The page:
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Isles owner not optimistic on Coliseum, Lighthouse Project

Saturday, 10.03.2009 / 7:28 PM / News

By Brian Compton - NHL.com Deputy Managing Editor

UNIONDALE, N.Y. -- New York Islanders owner Charles Wang met with members of the media on Saturday night, doing his best to put a positive spin on the fact that his self-imposed Oct. 3 deadline for the Lighthouse Project was just a few hours away from expiration.

Despite having a new lease in place with Nassau County, Wang's multibillion-dollar project -- which would include a completely renovated Nassau Veterans Memorial Coliseum -- is still awaiting approval from the Town of Hempstead -- an approval that may never come.

Wang is slated to meet with town Supervisor Kate Murray early next week after the latter phoned the Isles' owner on Friday afternoon. Clearly, when the two sit down, Wang will express his displeasure with the lack of movement from the town board. He'll also deliver a message to Murray face-to-face.

"No more games," a disappointed Wang said on Saturday night at the Coliseum, where his Islanders opened the 2009-10 season against the Pittsburgh Penguins. "I want a yes or a no. Tell me what you want, then I can tell you if I can or can not do it. Two years have gone by … we're going to meet now?"

It's certainly disheartening news for Islanders fans who have voiced their support for a project that has been in the works for several years. County Executive Tom Suozzi, who dropped the puck at center ice on Saturday night, is dumbfounded by the lack of movement on Hempstead's part, as well as Murray's phone call to Wang on Friday.

"Why would you call at 4 o'clock in the afternoon the day before the deadline?" Suozzi asked. "It's more about game playing. If you want to get this done, they need to say what they'd like to see happen, and try and get this thing done."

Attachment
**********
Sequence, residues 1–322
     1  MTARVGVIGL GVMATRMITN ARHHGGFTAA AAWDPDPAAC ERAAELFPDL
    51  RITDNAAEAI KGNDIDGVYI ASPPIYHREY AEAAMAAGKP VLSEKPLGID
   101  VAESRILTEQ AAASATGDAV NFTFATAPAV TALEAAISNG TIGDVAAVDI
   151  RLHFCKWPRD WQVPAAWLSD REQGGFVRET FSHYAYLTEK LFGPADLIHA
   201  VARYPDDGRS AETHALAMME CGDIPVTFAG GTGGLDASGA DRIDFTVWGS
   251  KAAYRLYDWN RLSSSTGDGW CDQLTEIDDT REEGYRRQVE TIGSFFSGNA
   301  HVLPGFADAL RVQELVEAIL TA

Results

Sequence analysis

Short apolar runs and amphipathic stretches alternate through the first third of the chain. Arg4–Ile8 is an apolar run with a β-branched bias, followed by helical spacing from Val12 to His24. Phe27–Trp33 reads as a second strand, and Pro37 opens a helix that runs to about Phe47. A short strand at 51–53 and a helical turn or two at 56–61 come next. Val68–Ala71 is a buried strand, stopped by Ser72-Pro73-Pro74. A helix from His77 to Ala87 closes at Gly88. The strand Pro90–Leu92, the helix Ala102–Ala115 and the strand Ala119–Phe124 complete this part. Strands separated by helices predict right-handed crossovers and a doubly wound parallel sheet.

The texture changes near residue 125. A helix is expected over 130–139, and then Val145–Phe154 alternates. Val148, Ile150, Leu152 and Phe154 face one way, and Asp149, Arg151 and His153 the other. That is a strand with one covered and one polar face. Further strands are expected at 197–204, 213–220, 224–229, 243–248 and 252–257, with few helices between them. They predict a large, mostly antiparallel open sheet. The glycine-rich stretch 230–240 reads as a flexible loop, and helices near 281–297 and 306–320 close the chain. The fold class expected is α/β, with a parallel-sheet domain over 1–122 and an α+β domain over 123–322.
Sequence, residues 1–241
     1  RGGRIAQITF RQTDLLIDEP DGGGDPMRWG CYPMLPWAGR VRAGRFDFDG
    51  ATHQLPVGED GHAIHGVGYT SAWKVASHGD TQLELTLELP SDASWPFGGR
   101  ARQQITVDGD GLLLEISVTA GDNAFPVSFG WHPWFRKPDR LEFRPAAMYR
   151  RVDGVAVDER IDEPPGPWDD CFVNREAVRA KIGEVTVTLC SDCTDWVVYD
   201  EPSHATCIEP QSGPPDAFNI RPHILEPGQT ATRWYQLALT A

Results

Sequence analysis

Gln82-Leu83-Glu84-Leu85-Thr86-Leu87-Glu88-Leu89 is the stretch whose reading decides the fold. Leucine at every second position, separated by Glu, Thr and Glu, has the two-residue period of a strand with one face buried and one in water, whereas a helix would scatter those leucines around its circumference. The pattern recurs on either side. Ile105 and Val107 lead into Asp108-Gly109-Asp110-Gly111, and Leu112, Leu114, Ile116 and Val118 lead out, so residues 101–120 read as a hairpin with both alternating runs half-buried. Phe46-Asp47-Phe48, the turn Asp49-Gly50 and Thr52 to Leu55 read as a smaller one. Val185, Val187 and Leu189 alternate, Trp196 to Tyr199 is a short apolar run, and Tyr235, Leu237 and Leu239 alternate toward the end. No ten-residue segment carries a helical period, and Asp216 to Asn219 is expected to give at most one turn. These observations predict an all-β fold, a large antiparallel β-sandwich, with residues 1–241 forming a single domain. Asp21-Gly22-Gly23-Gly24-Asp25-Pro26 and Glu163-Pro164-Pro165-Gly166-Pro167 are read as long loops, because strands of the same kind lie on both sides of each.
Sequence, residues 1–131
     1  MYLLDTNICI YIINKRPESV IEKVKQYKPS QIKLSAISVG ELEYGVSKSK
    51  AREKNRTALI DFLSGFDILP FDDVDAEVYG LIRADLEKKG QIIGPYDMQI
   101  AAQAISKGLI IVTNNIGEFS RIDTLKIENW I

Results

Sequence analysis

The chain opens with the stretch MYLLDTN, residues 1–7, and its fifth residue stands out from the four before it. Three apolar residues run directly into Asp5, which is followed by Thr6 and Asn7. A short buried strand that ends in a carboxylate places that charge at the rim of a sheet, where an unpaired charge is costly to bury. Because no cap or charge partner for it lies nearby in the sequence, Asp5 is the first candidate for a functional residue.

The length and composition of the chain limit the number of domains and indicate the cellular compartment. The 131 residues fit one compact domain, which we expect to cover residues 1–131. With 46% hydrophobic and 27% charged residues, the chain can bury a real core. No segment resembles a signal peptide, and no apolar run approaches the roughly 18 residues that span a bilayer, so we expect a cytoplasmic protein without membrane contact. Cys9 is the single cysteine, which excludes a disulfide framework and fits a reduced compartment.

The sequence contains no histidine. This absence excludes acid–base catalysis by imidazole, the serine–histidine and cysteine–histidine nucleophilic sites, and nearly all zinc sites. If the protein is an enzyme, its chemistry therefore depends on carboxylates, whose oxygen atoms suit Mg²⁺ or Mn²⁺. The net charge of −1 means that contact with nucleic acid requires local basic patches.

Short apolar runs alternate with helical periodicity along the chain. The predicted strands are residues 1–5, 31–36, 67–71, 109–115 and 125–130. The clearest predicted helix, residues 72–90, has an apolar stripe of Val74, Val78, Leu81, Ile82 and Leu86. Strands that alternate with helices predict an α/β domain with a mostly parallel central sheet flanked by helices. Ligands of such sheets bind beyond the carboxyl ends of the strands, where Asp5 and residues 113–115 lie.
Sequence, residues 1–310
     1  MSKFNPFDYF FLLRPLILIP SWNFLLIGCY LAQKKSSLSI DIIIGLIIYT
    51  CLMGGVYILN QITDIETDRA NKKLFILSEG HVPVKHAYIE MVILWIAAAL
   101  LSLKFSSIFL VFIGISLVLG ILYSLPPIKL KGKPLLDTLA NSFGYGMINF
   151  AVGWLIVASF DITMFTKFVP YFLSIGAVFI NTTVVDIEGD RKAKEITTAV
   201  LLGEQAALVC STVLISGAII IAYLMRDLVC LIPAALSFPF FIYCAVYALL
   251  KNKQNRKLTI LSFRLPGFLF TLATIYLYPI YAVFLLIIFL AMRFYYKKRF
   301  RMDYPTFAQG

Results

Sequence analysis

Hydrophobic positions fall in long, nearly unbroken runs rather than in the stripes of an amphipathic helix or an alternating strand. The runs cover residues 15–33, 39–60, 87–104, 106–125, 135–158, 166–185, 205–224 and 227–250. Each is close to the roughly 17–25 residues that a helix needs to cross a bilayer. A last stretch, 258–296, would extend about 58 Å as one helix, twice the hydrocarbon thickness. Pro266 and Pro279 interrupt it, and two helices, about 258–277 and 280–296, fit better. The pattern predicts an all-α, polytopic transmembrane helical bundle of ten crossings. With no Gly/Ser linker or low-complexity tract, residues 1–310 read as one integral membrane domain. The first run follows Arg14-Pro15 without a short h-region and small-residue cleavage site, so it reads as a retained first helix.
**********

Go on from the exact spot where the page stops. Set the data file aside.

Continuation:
NHL Commissioner Gary Bettman echoed those frustrations.

"It's a lack of decisiveness, because he's really just looking for a decision," Bettman said in a meeting with the media during the first intermission. "After all this time, to me it's inexplicable. It's really time for the Town of Hempstead to decide one way or the other. We all want to see this project go forward. We think it'd be great for Long Island and Islander fans. But if they're not going to approve it, let's stop playing politics and let Charles put his energy somewhere else.

Throughout the dragged-out process, Wang has been tremendously optimistic that the Lighthouse Project would come to fruition. That optimism seems to be wavering, and may have been at an all-time low on Saturday night -- the same night John Tavares, the first pick in the 2009 Entry Draft -- was making his NHL debut for Wang's club.

"I'm upset because I'm discouraged and disappointed," said Wang, who purchased the Islanders in 2000. "Eight years later, we're still at it. If we continue to play games this way, it will never get done."

And if it doesn't, the Islanders -- at least in Nassau County -- will be no more. There has been rumors of a possible move to nearby Brooklyn or Queens, but Suozzi and the majority of the franchise's fans believe there is only one place where it should reside.

"Mr. Wang has always said that he loves Long Island, (but) he's indicated that he's going to now start exploring other options," Suozzi said. "I'm going to continue to impress upon him how important it is for him to be here on Long Island. We need the Town of Hempstead now to do the same thing."

"I think it's nice that Charles and Tom Suozzi dropped the puck," Bettman said. "They got a nice ovation, and I think that's in recognition of the fact that everybody knows that Nassau County is supporting the Lighthouse Project," Bettman said. "For that, we, Charles, the Islanders are grateful. Everybody knows what Charles has gone through and is going through to make this project a reality. It's really up to Kate Murray and the Town of Hempstead to step up."

The Islanders' lease at the Coliseum doesn't expire until 2015, but Bettman declined to speculate as to whether that was a factor in the town's approach.

"I don't want to speculate as to what the reasons are," he said. "Who would have thought that this process has been going on for eight years? The sands in the hourglass continue to fall."







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